Email. Love it or hate it, it’s here, it’s all around us and it is relentless in its onslaught.
One way of managing email would be simply to turn off your computer and demand your friends, colleagues and family communicate with you by other means, such as the telephone, sending a letter by post or even having a face-to -face conversation.
Why it might even seem appealing to do this is because of the overwhelm that can be experienced through receiving so many email communications each day. Emails that consume our precious time and demand our attention, when really we’d like to be able to simply just get on with the important stuff: like doing our work.
It has been estimated that some service workers spend 28% of their workday answering email. No wonder we can get to the end of another busy day wondering where all that time went and why it can feel as if we haven’t got anything done.
It has been recognised that our social media and email habits are contributing to our continuing state of distractedness and lack of focus. New research by Emma Russell from Kingston Business School was presented at the British Psychological Society’s annual conference that discussed the negative outcomes email can lead to if not handled correctly. This includes damaging your mental health. Worse still it could also damaging the mental health of your colleagues.
The seven deadly sins of email:
1. Ping pong email – constant emails going backwards and forwards creating long chains
This can be as annoying as ping pong texts where irrelevant information or replies are being generated for no good purpose what so ever. Sure common etiquette suggests when it is polite to respond or to say thank you. But every conversation needs to come to a timely end.
2. Emailing out of hours
Being so busy, it’s often very tempting to “save” our emailing to the end of the day or at unseemly early hours when any other self-respecting person would be safely tucked up in bed. If you are looking for kudos points to look super keen or an insomniac, then this habit may suit you. But it often engenders guilt in the other person for not being awake, online or in receiver mode, and also means the message could have a greater chance of being lost in the great volume of other email dross entering in-boxes every day.
3. Emailing when in company
Sorry, but this is simply rude. Don’t do it. It’s a good way to lose friends and negatively influence people.
4. Ignoring emails completely
Tempting as this can be sometimes, this is also rude if the sender is expecting a response in a timely manner. If you are procrastinating about a response because you are uncertain of how to reply, that is one thing, but I have certain contacts that only seem to respond to messages and requests when it suits them. It drives me bonkers and is extremely irritating if you need their input.
5. Requesting read receipts
The only time I have ever used this was because the recipient was a known “non-responder” and I needed to know that the message had got through. Otherwise this is simply creating more work for others and is mostly completely unnecessary. If need be, use registered post.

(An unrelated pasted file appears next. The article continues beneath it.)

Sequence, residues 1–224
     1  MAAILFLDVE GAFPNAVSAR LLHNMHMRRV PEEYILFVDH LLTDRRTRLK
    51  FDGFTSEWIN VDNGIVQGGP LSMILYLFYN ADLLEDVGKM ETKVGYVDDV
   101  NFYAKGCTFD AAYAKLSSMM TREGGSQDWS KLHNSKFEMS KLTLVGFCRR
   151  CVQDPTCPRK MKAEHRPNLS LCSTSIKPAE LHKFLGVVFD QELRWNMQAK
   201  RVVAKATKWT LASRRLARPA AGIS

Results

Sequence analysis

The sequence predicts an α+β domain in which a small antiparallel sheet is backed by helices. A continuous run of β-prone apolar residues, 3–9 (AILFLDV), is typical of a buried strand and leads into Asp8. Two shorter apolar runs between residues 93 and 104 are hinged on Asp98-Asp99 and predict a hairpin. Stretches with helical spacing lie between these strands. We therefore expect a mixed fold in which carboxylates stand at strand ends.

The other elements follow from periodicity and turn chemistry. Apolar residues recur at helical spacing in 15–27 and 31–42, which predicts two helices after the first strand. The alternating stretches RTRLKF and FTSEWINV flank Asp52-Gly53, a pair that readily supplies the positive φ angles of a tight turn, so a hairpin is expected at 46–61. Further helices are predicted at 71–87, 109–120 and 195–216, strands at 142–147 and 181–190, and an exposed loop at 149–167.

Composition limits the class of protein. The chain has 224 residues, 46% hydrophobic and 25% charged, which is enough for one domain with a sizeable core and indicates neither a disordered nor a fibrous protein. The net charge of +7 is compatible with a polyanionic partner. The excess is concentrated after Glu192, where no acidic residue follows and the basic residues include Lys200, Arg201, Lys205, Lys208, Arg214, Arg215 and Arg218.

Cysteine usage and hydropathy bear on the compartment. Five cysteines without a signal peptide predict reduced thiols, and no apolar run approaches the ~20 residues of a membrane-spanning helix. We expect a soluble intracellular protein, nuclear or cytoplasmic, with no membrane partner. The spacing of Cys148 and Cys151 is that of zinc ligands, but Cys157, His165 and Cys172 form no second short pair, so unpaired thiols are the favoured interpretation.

6. Responding immediately to an email alert
OK guilty as charged. I will sometimes do this because my thinking is along the lines of “I’m only on line for a short time and might forget later” or it is a subject I feel deserves an immediate response. Impulsivity has always been one of my middle names. The trouble is one thing will often lead to another and 45 minutes later I am still stuck in answering mode instead of addressing the priority item task I had set myself to achieve.
7. Automated replies
Guilty as charged again. Some folks seem to use these frequently not only when they are away on business or holidays, but even when taking a relatively short break. Do I really need to know you are unavailable for five hours on the 15th of March? If you rely on email contact for business, then perhaps an automated response indicating when you will be available or an alternative means of contact is appropriate.
Why does email pose a risk to our mental wellbeing?
Basically, dealing with too many or poor handling of emails during your working day, leads to stress. Inappropriate use of email can lead to a feeling that you have to be available to respond at all times and has resulted in some people feeling that they can’t switch off.
Living with prolonged stress not affects your immune system. it can lead to the development of anxiety problems and depression. At a time when mental health issues are becoming more common in the workplace, employers and staff need to be aware how a seemingly innocuous and common work tool needs to be handled judiciously to maintain our wellbeing.
How does email affect you in your working day?
Has your workplace taken steps to ensure your email policy keeps email working for you, rather than being an electronic albatross hanging around your neck?
I’d love to hear your thoughts.
Until next time,
Ref: news release Kingston University
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